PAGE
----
Recent ESG-Developments Affecting The Energy Industry

Climate activists' election to Exxon’s board of directors, Chevron’s approval of emissions cuts to its energy products and a court ruling ordering Shell to lower carbon emissions by 45 percent are a series of ESG events presented to the world just weeks ago. What does this have in store for the energy industry?

On Wednesday, May 26, 2021, a series of events transpired that could have long-lasting impacts on the energy industry and which seem likely to accelerate that industry’s evolving responses to environmental, social and governance (ESG) issues. In what is being widely reported as a significant victory for shareholder activists focused on climate issues, Engine No. 1, supported by some of Exxon’s largest investors, gained three seats on Exxon’s board of directors. In addition, a significant majority of Chevron’s shareholders approved a resolution backing a call for the company to cut emissions from the end-use of its energy products. Finally, in what is being characterized as a “landmark” ruling with significant implications for the energy industry and beyond, a Dutch court found that Shell has contributed to climate change and ordered one of the world’s largest energy producers to slash its carbon emissions by 45 percent by the end of 2030.

Climate Activists Elected to Exxon Board of Directors

In what may prove to be a significant development in terms of how climate issues may impact corporate governance more broadly, three directors nominated by Engine No. 1 won seats on Exxon’s board of directors. Engine No. 1 nominated four directors for consideration at the company’s annual meeting of shareholders. Two nominees were elected following the initial vote count during the meeting, while the status of the third nominee was not clear until the company disclosed “preliminary” voting results in a Form 8-K filed on June 2, 2021. A fourth nominee was not elected. The relatively small investment fund’s efforts were backed by some of Exxon’s largest investors, including BlackRock. As we discussed in February, BlackRock and other large asset managers have been updating proxy voting guidelines and are at the forefront of pushing boards of directors to “address board quality and composition issues, emphasizing its commitment to net zero emissions and climate risk disclosures.” In Exxon’s case, BlackRock, which reportedly owns approximately 7 percent of Exxon’s issued and outstanding common stock, indicated that Exxon’s board needs to “further assess the company’s strategy and board expertise against the possibility that demand for fossil fuels may decline rapidly in the coming decades.” Following the election of its third nominee, Engine No. 1 stated that “Exxon’s future financial stability depends on the company diversifying its operations.”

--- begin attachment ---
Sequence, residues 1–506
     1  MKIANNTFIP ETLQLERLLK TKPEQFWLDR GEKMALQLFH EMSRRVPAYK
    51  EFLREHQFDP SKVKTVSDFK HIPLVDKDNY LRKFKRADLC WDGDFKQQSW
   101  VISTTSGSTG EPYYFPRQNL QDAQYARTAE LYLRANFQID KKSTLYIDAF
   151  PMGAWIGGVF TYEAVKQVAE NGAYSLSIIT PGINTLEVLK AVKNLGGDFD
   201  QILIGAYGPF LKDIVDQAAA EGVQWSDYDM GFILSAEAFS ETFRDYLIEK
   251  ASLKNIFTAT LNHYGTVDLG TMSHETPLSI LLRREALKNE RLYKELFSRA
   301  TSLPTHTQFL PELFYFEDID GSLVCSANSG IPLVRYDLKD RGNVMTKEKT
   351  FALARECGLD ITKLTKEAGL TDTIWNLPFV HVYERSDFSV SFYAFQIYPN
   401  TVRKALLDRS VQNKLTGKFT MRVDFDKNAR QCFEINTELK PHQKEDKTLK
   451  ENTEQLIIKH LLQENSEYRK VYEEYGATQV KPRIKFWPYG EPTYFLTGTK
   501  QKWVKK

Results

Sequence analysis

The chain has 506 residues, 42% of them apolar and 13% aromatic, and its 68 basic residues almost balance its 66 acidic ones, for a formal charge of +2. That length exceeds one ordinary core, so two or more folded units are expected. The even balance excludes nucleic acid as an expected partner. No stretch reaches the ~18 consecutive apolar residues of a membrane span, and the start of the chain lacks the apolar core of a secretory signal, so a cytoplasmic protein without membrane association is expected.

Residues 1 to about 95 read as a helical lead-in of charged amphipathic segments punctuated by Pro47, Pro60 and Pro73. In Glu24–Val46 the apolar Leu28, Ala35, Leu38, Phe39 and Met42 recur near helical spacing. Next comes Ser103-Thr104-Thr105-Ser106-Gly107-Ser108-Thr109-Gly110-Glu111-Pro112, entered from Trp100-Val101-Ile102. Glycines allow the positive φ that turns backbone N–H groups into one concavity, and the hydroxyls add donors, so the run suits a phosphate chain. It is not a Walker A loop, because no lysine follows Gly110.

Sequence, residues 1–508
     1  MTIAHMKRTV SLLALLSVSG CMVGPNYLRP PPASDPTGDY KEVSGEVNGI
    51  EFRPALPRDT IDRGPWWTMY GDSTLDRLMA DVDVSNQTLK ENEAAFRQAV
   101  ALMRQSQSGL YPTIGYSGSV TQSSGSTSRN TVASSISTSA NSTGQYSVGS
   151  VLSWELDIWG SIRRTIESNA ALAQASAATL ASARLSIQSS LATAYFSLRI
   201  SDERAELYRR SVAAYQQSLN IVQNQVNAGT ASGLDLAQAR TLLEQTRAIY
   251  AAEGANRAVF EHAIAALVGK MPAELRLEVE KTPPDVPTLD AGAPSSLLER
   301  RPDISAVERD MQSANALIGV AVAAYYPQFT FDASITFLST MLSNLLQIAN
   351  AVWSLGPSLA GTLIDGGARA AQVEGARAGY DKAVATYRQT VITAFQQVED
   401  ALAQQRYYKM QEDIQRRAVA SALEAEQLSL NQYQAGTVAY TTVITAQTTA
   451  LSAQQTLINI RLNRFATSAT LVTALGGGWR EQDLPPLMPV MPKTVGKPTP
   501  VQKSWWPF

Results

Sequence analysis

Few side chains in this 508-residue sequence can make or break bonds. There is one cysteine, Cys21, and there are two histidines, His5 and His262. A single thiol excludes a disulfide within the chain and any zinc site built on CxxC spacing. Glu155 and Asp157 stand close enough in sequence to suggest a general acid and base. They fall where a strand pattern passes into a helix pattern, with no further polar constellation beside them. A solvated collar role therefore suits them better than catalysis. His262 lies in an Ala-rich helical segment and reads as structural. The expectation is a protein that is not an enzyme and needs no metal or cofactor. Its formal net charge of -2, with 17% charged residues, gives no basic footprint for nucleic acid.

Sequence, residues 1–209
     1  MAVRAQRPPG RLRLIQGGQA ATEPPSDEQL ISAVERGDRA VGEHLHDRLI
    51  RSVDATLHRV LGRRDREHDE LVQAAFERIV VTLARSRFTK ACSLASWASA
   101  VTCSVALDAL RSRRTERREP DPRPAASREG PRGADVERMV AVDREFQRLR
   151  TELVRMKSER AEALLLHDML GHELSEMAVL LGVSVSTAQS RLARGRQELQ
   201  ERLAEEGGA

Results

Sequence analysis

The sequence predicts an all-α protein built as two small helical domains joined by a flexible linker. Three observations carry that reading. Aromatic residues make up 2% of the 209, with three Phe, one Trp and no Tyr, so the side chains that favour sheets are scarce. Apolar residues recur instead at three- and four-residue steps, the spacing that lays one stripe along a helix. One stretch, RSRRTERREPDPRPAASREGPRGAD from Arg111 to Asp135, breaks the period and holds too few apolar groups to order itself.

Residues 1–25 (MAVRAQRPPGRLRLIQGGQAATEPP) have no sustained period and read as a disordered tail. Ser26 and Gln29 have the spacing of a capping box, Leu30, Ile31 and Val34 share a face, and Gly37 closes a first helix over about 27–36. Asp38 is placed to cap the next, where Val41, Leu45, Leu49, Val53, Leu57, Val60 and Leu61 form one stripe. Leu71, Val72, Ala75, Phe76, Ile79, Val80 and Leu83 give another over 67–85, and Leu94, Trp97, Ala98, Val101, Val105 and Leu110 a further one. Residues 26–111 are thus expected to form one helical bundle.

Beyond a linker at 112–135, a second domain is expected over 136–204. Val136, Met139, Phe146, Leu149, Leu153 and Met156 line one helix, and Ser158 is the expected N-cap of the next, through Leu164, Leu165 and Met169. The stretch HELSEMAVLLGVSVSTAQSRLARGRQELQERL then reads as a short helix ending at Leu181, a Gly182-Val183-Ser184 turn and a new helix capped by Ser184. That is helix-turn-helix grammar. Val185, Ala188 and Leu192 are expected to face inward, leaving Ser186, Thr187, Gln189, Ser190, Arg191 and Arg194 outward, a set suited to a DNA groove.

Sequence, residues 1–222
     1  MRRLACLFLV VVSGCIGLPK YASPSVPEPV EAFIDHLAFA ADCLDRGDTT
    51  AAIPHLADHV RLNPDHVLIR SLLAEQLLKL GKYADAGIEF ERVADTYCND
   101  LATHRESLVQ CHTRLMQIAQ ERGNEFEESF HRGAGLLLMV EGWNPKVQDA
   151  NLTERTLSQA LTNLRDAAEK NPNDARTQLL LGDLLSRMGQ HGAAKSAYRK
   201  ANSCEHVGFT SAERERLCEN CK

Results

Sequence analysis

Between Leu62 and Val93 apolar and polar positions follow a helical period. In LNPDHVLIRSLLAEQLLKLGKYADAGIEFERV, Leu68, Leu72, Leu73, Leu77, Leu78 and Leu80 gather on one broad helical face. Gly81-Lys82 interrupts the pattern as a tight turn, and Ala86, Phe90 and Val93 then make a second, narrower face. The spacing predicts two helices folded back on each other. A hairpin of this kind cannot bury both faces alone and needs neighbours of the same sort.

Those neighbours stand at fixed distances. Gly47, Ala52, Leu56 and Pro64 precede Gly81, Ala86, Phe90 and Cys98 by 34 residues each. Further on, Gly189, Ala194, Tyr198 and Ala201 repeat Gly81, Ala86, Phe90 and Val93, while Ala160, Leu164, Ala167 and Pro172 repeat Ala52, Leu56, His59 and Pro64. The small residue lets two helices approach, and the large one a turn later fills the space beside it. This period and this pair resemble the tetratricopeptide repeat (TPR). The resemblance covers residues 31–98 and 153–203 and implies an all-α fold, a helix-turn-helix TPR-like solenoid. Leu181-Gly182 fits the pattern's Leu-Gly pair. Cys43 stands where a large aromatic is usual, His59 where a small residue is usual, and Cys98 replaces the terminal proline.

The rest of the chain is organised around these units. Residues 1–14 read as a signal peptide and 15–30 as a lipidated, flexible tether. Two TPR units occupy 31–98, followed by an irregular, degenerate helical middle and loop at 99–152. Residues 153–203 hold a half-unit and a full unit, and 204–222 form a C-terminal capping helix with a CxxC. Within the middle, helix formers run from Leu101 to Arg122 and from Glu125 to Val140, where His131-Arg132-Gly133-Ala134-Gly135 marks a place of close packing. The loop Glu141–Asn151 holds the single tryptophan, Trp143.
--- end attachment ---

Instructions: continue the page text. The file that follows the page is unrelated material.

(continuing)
Shareholders Approve Resolution Requesting Chevron to Focus on Cutting End-User Emissions

In another significant ESG-related development for the energy industry, Chevron’s shareholders adopted a resolution requesting the company to slash carbon emissions by consumers of its fuel products. The resolution, which was supported by approximately 61 percent of the company’s shareholders, calls on Chevron to focus on cutting what are known as “Scope 3” emissions, which are emissions generated by the end-users of energy products. The resolution reflects broader efforts by climate-focused activists to compel energy producers to focus on selling fewer products that contribute to climate change, rather than producing energy in a more environmentally friendly manner or producing “cleaner” products.

Court Rules Shell Must Accelerate Cutting Emissions